Absolutely. And then continuing on with that, once you identify and you can audit to that technology, how do you upskill your quality resource says internally your workforce to be able to apply it and then even greater than that, integrate it with your existing systems.

Ann (00:10:39:05 – 00:11:05:17):

You know, some of the great data again I rely on these year over year reports that we get with ASQ in IOE is that interface issue you can invest in the technology, but is it actually getting you where you want to be because of that necessary upskilling, because of that interface and integration component? And so I think it is you look at the kind of maturity matrix in this area.

Ann (00:11:05:17 – 00:11:29:02):

I think everyone’s pro digital transformation, right? But how do you actually integrate to be able to execute and take advantage of it? And when you talk about data and data integrity, you know, there’s so much we can do with data, but data is only powerful when it’s leveraged and used and so the technology can give it to us.

Ann (00:11:29:10 – 00:11:49:08):

What are we going to do and how are we going to play it? And I think that’s where we are right now. And you kind of are seeing some organizations struggle with it. Some of them can’t get the resources to to do it. And if they do, do they have the right people and talent? So it’s an interesting time, very interesting, dynamic time on this.

Jim (00:11:49:12 – 00:12:19:14):

And to one of your points, the old analogy and probably it’s been proven in the short term, it’s not true, but the old analogy of, you know, technology will increase your bandwidth well, to be honest with you, in those early stages of integrating some of this technology into to farmer or whatever industry you’re in, whether it’s food science or whatever, that initial launch into that arena, your internal resources actually need to be optimum in order to leverage all of that information over time

Jim (00:12:19:14 – 00:12:49:00):

it may diminish you know, that need. But man, right up front, it’s something that really has to be you have to have the resources to be able to leverage all of that data. We saw the same thing kind of to make an analogy when it comes to quality in pharma during the pandemic, I saw our members at Rx-360 do a yeoman’s job in pivoting in the world of auditing of their suppliers because all of a sudden they couldn’t get on site to do audits.

Jim (00:12:49:08 – 00:13:14:11):

And it was one of those moments of, oh, what do we do? And I saw a significant number of Rx-360 members utilize us as a conduit to literally and I’m not exaggerating when I say this in two weeks develop a remote audit model that they all shared in and they all went out and they were able to do continue their auditing of their facilities in a remote way.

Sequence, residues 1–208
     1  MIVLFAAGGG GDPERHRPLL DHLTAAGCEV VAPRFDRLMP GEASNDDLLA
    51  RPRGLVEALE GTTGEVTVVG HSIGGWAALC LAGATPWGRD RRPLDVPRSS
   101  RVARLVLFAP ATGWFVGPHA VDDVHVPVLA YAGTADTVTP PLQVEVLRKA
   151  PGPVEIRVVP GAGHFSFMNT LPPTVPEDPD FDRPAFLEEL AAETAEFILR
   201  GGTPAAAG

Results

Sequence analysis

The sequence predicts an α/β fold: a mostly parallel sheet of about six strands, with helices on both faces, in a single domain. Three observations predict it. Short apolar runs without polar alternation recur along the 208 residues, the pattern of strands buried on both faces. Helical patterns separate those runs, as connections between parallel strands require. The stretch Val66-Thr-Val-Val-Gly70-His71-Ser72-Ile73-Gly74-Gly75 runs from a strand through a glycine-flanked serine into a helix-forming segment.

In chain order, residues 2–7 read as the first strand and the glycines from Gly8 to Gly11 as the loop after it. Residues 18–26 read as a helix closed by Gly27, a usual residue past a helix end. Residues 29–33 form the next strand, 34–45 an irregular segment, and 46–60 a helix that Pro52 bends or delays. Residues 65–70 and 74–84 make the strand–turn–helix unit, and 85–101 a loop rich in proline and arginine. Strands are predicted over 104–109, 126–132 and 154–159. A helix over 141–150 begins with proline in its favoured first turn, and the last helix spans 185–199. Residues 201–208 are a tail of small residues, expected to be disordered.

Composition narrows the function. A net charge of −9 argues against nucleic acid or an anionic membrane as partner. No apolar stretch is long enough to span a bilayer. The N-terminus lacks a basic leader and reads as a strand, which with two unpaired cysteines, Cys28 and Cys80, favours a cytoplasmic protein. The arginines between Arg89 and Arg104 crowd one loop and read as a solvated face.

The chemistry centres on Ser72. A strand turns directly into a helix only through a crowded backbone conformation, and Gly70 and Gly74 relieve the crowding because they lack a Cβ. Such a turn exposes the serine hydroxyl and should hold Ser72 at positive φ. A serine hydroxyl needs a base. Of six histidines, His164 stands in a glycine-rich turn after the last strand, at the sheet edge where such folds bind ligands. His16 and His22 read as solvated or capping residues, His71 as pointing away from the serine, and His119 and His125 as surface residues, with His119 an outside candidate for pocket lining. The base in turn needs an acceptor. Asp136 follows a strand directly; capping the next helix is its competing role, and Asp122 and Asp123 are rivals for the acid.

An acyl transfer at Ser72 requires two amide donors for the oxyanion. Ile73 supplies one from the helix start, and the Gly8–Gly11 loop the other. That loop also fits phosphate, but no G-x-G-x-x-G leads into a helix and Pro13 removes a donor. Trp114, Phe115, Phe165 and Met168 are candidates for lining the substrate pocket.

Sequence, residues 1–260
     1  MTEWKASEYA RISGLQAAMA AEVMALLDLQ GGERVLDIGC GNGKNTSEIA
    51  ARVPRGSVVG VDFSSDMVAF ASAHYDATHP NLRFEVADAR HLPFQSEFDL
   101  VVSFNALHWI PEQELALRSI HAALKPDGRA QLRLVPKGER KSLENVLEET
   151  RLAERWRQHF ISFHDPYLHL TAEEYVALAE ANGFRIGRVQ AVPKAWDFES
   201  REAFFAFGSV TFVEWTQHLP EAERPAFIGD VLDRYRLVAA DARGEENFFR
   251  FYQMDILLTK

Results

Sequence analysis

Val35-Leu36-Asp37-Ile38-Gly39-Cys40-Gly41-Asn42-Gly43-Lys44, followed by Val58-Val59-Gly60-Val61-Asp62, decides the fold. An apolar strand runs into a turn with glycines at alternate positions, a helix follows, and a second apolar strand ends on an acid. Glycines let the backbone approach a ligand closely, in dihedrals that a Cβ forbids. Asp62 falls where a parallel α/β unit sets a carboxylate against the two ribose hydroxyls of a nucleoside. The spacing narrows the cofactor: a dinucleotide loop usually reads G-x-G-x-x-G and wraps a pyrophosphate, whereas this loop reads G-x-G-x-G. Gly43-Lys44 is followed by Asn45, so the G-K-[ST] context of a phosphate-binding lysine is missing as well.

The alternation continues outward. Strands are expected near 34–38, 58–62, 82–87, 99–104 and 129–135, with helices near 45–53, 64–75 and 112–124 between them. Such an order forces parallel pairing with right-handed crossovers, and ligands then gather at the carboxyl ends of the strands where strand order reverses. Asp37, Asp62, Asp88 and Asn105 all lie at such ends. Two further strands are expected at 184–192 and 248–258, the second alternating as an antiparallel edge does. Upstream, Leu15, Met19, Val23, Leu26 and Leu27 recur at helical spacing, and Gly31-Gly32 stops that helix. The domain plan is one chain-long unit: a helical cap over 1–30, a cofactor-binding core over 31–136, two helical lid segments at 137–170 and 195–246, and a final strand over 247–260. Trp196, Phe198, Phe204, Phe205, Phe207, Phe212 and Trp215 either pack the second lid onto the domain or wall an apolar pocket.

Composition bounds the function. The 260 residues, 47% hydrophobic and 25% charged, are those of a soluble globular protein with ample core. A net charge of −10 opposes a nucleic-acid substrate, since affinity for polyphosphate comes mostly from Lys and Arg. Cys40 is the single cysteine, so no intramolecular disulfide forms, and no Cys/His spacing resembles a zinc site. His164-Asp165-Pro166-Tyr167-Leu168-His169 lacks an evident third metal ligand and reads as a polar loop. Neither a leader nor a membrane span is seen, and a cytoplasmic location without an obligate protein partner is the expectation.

Jim (00:13:14:21 – 00:13:44:02):

But what was interesting was, along with this technology question that we just talked about, we saw in that example and that immediately everybody thought a remote audit would take a rest time because it’s remote but what we learned was in the early days of it, it actually took more time because people weren’t used to that model. So there’s a learning curve where there’s everything, whether it’s technology, whether it’s utilizing a new model when it comes to something.

Jim (00:13:44:02 – 00:13:46:19):

But I agree with you.

Ann (00:13:46:19 – 00:14:12:03):

And on that topic of remote auditing, ASQ is very fortunate. We have a whole auditing technical community. And so when this sudden flip the switch occurred where it not only in your pharma industry, but other areas, I mean, I talked to one member who’s high up in government overseeing the fish industry and the fish that’s coming into the United States I mean, we’re doing we’re doing that remote audit now during a pandemic.

Ann (00:14:12:19 – 00:14:40:10):

But our audit technical community, they have an annual conference. I got to go down in Florida and join them for a few months ago. And this whole remote auditing was the topic, what the change was, whether or not the results were showing that same level of credibility. But then what’s next, Jim? Is remote auditing going to stay? Is it going to be something that’s going to have, you know, greater regulatory elements that come in?

Ann (00:14:40:10 – 00:15:03:22):

Is it going to be accepted? And then what gaps potentially are there? And how can remote audit advanced is it going to be a technology situation? Do we need to train the auditors in different ways? So we have a whole group know thousands of auditors that are just tackling this issue right now. And I love I love to hear where their lines are going.

Jim (00:15:03:22 – 00:15:31:14):

And I can tell you from my perspective and and talking to our members here at Rx-360 remote auditing is not going away. But what we’re it’s being kind of integrated now is this idea of risk stratified creation where a lot of the pharma organizations are looking at their suppliers in different tiers. And they may, you know, look at a Tier three and Tier four supplier and say we can do remote audits there.

Jim (00:15:31:22 – 00:15:59:00):